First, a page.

Our final day was very rewarding. Angelee, Mario, Nathan, and James completed a huge section of rock work they had poured their hearts into. The rest of the crew sent countless rocks across the zipline for our future switchback project. We broke down camp and hiked out, then drove back to the Hunker Bunker with a post-hitch glow consisting of smiles, dried sweat, and dirt. James led a lesson on tool sharpening and we spent the final bit of our day working out the kinks in our pulaskis and shovels. For the weekend we are visiting Zoe’s friend in Laramie and exploring southern Wyoming. We’ll be heading back to Young Gulch next week to continue crushing rocks!

Three people in hard hats running down a rocky trail.
Mario, Nathan, and Angelee celebrating the completion of their retaining wall!


-Zoe and James (Rawah Crew Leaders)

The Boulder Crew kicked off the season at  the Ceran St. Vrain Trail. Our Forest Service partner Aggie was extremely helpful and shared her wealth of knowledge with us. We learned about basic trail maintenance and how to safely use the tools.

A group of people working on a trail in the woods.
The crew learns from Aggie!

By the end of the week, we had dug over 40 drains, which helped to mitigate erosion on the trail. In addition, we were able to widen and support the tread by installing retaining walls. This was a strenuous but rewarding project.  Finally, we constructed water bars and check steps to keep the trail accessible for years to come.

A man holding an ax on a trail.
Luke showcasing the pulaski.
A woman kneeling down in the woods with a log.
Sophia happy to have the root removed from her drain
A group of people smiling in the back seat of a car.
The Boulder Crew

As a crew, we have been bonding over nightly campfires and eating copious amounts of peanut butter. Special thanks to Mary, who stepped in as our leader and guided us through the first work week! We are excited to be welcoming Daniel to the crew as our leader for the season.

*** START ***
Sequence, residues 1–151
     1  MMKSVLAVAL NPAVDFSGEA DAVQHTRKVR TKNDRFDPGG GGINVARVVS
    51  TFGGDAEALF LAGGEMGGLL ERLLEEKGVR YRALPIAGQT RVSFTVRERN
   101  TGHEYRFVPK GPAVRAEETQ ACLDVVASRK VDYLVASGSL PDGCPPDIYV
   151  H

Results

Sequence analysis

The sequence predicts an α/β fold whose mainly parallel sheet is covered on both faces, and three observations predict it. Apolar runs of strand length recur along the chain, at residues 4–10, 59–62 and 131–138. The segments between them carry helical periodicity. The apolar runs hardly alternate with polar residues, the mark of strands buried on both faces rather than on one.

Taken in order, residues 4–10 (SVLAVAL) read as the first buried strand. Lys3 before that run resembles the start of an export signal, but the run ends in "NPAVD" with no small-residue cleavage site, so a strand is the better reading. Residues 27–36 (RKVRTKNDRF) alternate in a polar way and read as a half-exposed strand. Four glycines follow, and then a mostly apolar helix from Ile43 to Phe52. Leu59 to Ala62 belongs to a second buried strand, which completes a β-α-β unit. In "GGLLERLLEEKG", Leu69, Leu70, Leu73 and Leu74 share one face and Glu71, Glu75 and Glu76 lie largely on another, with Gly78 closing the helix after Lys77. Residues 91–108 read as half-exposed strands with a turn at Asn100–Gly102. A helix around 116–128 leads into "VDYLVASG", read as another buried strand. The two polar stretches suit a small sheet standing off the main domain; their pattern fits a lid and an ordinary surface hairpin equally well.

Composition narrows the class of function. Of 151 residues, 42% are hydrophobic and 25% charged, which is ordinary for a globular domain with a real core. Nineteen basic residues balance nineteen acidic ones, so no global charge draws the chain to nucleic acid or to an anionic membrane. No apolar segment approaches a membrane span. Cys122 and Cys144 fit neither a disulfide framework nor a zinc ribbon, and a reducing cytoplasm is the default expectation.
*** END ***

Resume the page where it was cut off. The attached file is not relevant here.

As a whole, the trail work may be (drain)ing but the Boulder Crew is ready to rock. 

-Sam, Boulder Crew Member

This week the Shadow Mountain Crew moved into our beautiful homes in Shadow Mountain Village. We are all in awe of the wonderful accommodations and incredible views. We started off work by participating in the Forest Service Wilderness Ranger Academy. We learned all sorts of great skills, such as map and compass navigation, axe use and maintenance, how to tie knots, and more! It was an honor to be part of the event and we all enjoyed meeting Forest Service employees from across the region. We made great connections and got an inside look at what a career in the Forest Service is like. We finished up the week by getting our federal crosscut certifications! We spent two days in the Indian Peaks Wilderness learning and practicing our bucking skills. On our very first day in the field, we were cutting trees at 9,000 ft elevation in patches of snow! A group of people working on a trail in the woods.